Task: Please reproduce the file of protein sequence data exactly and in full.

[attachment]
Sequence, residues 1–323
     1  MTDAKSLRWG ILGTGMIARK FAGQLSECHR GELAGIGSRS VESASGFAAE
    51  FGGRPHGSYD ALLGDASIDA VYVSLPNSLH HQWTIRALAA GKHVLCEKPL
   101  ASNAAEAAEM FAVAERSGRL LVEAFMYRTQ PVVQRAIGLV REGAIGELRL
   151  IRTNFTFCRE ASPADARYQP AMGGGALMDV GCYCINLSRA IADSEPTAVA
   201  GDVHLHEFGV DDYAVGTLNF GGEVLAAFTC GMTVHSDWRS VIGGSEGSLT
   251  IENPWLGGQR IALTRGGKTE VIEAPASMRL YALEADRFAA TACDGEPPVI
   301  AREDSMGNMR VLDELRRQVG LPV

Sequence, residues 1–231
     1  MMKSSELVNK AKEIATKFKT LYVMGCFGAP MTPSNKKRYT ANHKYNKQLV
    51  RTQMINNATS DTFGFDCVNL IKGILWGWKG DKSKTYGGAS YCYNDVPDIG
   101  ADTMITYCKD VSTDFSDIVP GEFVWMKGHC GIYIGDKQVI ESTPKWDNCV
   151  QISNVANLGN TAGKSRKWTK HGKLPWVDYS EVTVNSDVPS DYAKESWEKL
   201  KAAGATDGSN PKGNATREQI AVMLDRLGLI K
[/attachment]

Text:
Sequence, residues 1–323
     1  MTDAKSLRWG ILGTGMIARK FAGQLSECHR GELAGIGSRS VESASGFAAE
    51  FGGRPHGSYD ALLGDASIDA VYVSLPNSLH HQWTIRALAA GKHVLCEKPL
   101  ASNAAEAAEM FAVAERSGRL LVEAFMYRTQ PVVQRAIGLV REGAIGELRL
   151  IRTNFTFCRE ASPADARYQP AMGGGALMDV GCYCINLSRA IADSEPTAVA
   201  GDVHLHEFGV DDYAVGTLNF GGEVLAAFTC GMTVHSDWRS VIGGSEGSLT
   251  IENPWLGGQR IALTRGGKTE VIEAPASMRL YALEADRFAA TACDGEPPVI
   301  AREDSMGNMR VLDELRRQVG LPV

Sequence, residues 1–231
     1  MMKSSELVNK AKEIATKFKT LYVMGCFGAP MTPSNKKRYT ANHKYNKQLV
    51  RTQMINNATS DTFGFDCVNL IKGILWGWKG DKSKTYGGAS YCYNDVPDIG
   101  ADTMITYCKD VSTDFSDIVP GEFVWMKGHC GIYIGDKQVI ESTPKWDNCV
   151  QISNVANLGN TAGKSRKWTK HGKLPWVDYS EVTVNSDVPS DYAKESWEKL
   201  KAAGATDGSN PKGNATREQI AVMLDRLGLI K